By Charlie Smart
Early this fall, UConn’s chapter of PIRG, a national public interest advocacy group, began waging a war against the high price of college textbooks. On Thursday, a group of UConn PIRG representatives traveled to the state capitol in Hartford to testify in favor of Connecticut House Bill 6117, “An Act Concerning the Use of Digital Open-Source Textbooks in Higher Education.”
The bill, introduced by Mansfield representative Gregg Haddad aims to assess and promote the use of affordable open-source online textbooks as a means of cutting the high price of college for students in Connecticut. UConn PIRG chapter chair Saman Azimi explains that open source textbooks are similar to normal textbooks in that they are written by professors, however instead of being sold though a publishing company they are released online for free.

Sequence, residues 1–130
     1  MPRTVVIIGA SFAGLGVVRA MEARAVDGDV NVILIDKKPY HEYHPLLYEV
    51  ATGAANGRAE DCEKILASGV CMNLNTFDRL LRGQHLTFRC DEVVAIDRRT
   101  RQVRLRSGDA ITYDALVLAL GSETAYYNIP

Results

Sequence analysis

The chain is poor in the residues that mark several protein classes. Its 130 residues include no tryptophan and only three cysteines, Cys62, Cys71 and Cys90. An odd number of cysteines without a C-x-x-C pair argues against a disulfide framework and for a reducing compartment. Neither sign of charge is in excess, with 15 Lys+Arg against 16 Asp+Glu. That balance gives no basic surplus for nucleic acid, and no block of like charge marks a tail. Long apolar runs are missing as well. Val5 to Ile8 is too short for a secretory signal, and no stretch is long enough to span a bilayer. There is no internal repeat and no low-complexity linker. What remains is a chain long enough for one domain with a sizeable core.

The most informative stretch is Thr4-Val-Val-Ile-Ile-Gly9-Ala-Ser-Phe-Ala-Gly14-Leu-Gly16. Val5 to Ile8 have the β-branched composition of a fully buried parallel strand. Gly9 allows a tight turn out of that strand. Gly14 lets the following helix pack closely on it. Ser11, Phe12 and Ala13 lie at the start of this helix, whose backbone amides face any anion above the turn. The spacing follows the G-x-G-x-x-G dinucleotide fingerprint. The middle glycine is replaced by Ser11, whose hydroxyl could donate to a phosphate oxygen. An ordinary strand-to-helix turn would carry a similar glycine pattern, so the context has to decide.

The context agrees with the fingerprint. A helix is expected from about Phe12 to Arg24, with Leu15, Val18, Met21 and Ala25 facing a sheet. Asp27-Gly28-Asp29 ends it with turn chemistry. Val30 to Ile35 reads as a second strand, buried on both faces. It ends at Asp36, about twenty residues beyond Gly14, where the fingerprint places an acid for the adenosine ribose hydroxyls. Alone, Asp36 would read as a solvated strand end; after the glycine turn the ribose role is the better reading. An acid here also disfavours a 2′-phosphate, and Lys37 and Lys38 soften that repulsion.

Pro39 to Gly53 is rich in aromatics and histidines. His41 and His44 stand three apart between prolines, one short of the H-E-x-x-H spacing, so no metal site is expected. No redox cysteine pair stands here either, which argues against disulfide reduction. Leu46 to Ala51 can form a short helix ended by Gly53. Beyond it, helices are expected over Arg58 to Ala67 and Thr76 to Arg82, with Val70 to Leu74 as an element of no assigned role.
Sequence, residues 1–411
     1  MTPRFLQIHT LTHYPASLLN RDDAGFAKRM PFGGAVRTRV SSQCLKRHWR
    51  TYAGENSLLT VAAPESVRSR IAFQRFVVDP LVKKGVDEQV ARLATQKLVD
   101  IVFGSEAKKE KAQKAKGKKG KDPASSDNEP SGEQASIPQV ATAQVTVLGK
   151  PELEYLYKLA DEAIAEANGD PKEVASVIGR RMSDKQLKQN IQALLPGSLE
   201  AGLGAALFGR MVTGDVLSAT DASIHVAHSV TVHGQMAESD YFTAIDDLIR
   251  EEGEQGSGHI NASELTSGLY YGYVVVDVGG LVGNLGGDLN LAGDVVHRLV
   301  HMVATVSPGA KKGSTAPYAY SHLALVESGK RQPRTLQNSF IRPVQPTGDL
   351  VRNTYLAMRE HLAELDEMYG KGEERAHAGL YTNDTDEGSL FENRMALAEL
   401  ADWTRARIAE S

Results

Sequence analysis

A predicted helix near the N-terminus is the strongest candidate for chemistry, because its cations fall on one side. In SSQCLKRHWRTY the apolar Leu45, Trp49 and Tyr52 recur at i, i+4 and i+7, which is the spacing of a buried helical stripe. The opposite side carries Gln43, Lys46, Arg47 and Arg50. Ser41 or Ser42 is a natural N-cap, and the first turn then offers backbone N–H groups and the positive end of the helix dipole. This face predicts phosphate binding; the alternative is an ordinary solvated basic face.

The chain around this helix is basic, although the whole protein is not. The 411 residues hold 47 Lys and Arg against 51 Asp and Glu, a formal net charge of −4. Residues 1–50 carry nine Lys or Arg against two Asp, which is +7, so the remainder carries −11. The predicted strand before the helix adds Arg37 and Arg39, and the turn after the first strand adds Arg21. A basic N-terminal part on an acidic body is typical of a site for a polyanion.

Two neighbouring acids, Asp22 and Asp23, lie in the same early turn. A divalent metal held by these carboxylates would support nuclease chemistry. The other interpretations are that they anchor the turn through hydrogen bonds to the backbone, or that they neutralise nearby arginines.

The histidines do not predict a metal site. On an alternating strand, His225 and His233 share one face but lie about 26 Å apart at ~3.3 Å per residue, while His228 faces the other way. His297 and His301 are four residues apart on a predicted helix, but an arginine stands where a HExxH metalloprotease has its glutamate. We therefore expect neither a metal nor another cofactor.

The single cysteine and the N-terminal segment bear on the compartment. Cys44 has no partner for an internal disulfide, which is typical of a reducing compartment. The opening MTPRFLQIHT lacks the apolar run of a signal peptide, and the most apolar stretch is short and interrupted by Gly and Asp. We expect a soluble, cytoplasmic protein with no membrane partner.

“There was support from the representatives there and it seemed like we had clear support for our bill.”
The PIRG representatives spoke in front of the State Higher Education and Employment Committee, giving firsthand testimony explaining how they paid hundreds of dollars for textbooks each semester. They discussed online access codes, frequent book revisions, low resale values, and other factors that contribute to large textbook price tags.
The state representatives seemed very receptive to the students. Uconn PIRG member Thomas McGlone felt that the night was an overall success saying, “all the members that spoke got positive reinforcement from the representatives who were listening, they asked a lot of questions, and we certainly were good at enlightening them as to the open source textbook initiative.”
Affordable Textbooks Campaign Coordinator Oluwatoyin Akinnusotu agreed.
Azimi says that this testimonial is not the end of UConn PIRG’s campaign for open source textbooks and looks forward to what the organization will accomplish in the future. He says the end goal for this initiative is to see this act passed.